At the Campus Vienna Biocenter research has begun into environmental stress-induced changes to the plant genome supported by the Austrian genome program (GEN-AU). A EUR 1.3 million budget has been allocated to the three-year project. Two task groups at the University of Natural Resources and Applied Life Sciences and five at the Campus will investigate how extreme environmental conditions impact on the plant genome. It is also hoped that evidence will be found to support the hypothesis that inheritable environmental adaptations of living organisms do not occur randomly. Confirmation of this would revolutionise current thinking about heredity.
But surely everyone knows mutations happen by chance, don’t they? Researchers at the Campus Vienna Biocenter are not so certain, and this is precisely the question a three-year project there will now address. A total of 17 scientists will be looking into the effects of environmental stress on the genome of the model plant Arabidopsis with financial support from the Austrian genome program (GEN-AU), a program funded by the Ministry of Education, Science and Culture. They will also investigate whether stress reactions may contribute to further changes in the genome. If that were the case it would show that mutations do not simply arise randomly, but are also influenced by the plant metabolism – and it would be time to re-write the textbooks.
Prof. Heribert Hirt of the newly established Dept. of Plant Molecular Biology at the University of Vienna commented: "In the early 19th century it was widely believed that the adaptation of living organisms to their environment was a systematic process, and could be passed on to offspring. Darwin and modern genetics overturned these assumptions. According to them, inheritable adaptations are random. A few of them are beneficial, and are naturally selected. It is now known that random adaptations are caused by mutations. However for some time now there has been evidence that mutations are by no means as random as was thought. In lower organisms such as bacteria, in particular, it has been shown that mechanisms leading to an increased incidence of mutations are activated by certain types of stress."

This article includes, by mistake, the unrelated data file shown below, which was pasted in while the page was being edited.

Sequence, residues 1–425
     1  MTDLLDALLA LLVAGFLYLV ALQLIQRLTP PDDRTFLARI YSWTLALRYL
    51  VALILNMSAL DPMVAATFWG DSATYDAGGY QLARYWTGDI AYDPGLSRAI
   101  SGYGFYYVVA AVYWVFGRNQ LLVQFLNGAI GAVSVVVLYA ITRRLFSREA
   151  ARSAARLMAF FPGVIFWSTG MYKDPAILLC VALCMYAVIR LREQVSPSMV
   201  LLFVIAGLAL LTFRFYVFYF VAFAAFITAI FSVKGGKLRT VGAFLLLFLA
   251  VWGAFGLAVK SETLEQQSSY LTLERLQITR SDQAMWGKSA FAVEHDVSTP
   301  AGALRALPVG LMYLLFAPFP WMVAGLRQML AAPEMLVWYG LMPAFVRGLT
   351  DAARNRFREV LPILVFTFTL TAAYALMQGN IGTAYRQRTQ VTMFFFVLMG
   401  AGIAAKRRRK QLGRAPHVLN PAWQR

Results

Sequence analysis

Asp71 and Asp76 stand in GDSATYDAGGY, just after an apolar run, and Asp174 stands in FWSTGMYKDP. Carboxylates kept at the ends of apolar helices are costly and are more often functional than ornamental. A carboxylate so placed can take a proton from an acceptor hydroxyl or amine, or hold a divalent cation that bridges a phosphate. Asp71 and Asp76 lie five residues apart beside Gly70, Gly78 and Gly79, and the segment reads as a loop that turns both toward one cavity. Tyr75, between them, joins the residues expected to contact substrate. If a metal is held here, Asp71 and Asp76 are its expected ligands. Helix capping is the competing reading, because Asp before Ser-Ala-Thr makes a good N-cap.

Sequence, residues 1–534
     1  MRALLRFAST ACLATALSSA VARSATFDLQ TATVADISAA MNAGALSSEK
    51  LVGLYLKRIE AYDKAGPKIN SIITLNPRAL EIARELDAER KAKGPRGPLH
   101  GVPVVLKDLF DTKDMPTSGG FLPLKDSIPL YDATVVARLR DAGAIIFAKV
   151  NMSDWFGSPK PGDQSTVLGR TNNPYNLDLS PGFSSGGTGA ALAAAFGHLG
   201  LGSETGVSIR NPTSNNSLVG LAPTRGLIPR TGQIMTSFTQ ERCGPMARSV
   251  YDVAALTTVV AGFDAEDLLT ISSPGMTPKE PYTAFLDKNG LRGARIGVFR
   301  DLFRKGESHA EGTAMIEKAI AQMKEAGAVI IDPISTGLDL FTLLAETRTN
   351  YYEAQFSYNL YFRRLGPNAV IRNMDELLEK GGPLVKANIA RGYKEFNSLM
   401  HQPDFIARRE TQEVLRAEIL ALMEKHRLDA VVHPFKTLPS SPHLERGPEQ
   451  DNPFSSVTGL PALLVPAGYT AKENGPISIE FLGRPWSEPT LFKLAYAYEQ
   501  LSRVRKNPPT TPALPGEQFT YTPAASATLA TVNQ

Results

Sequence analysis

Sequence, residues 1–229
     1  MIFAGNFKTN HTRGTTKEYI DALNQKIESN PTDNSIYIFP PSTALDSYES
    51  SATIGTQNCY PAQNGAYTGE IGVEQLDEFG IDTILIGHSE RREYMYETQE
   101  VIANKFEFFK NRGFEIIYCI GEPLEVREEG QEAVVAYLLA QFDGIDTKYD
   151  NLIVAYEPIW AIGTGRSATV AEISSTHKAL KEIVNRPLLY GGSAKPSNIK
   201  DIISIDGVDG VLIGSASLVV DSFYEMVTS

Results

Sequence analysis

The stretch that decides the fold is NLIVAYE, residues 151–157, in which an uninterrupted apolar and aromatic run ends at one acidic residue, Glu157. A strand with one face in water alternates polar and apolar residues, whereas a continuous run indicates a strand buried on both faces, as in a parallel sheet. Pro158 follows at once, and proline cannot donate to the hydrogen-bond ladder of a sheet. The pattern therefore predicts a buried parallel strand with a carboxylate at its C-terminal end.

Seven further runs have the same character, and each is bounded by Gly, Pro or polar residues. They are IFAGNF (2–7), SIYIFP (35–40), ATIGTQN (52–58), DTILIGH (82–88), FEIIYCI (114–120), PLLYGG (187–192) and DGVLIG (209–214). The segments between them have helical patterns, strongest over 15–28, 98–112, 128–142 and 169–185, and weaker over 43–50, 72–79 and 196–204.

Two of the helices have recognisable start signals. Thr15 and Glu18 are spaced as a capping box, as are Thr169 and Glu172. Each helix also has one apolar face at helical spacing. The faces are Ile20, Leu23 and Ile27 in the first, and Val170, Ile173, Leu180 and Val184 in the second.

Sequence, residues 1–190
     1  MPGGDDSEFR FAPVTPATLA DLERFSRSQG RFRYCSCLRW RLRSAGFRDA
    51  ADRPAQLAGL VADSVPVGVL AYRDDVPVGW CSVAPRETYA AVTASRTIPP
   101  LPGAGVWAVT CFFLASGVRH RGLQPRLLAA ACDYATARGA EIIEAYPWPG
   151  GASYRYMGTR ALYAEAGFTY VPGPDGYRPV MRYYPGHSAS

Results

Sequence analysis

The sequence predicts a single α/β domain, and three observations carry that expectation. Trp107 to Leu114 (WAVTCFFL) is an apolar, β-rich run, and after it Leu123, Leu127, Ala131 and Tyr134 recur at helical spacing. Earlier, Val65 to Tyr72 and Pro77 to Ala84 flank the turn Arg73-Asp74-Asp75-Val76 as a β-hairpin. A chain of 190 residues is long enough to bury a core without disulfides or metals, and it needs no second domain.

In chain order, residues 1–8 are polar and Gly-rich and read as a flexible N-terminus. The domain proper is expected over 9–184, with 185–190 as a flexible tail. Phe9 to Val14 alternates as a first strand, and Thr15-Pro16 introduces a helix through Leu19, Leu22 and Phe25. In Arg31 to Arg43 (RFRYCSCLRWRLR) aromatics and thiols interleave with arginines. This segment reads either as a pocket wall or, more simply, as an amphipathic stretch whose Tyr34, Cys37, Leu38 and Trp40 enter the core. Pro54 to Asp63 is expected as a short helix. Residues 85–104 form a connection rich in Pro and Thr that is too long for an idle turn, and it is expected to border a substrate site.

A Map of the Cell’s Power Station
18.08.2017 | Albert-Ludwigs-Universität Freiburg im Breisgau
On the way to developing a new active ingredient against chronic infections
18.08.2017 | Deutsches Zentrum für Infektionsforschung
Whether you call it effervescent, fizzy, or sparkling, carbonated water is making a comeback as a beverage. Aside from quenching thirst, researchers at the University of Illinois at Urbana-Champaign have discovered a new use for these "bubbly" concoctions that will have major impact on the manufacturer of the world's thinnest, flattest, and one most useful materials -- graphene.
As graphene's popularity grows as an advanced "wonder" material, the speed and quality at which it can be manufactured will be paramount. With that in mind,...
Physicists at the University of Bonn have managed to create optical hollows and more complex patterns into which the light of a Bose-Einstein condensate flows. The creation of such highly low-loss structures for light is a prerequisite for complex light circuits, such as for quantum information processing for a new generation of computers. The researchers are now presenting their results in the journal Nature Photonics.
Light particles (photons) occur as tiny, indivisible portions. Many thousands of these light portions can be merged to form a single super-photon if they are...
For the first time, scientists have shown that circular RNA is linked to brain function. When a RNA molecule called Cdr1as was deleted from the genome of mice, the animals had problems filtering out unnecessary information – like patients suffering from neuropsychiatric disorders.
While hundreds of circular RNAs (circRNAs) are abundant in mammalian brains, one big question has remained unanswered: What are they actually good for? In the...
An experimental small satellite has successfully collected and delivered data on a key measurement for predicting changes in Earth's climate.
The Radiometer Assessment using Vertically Aligned Nanotubes (RAVAN) CubeSat was launched into low-Earth orbit on Nov. 11, 2016, in order to test new...
A study led by scientists of the Max Planck Institute for the Structure and Dynamics of Matter (MPSD) at the Center for Free-Electron Laser Science in Hamburg presents evidence of the coexistence of superconductivity and “charge-density-waves” in compounds of the poorly-studied family of bismuthates. This observation opens up new perspectives for a deeper understanding of the phenomenon of high-temperature superconductivity, a topic which is at the core of condensed matter research since more than 30 years. The paper by Nicoletti et al has been published in the PNAS.
Since the beginning of the 20th century, superconductivity had been observed in some metals at temperatures only a few degrees above the absolute zero (minus...
16.08.2017 | Event News
04.08.2017 | Event News
26.07.2017 | Event News
18.08.2017 | Life Sciences
18.08.2017 | Physics and Astronomy
18.08.2017 | Materials Sciences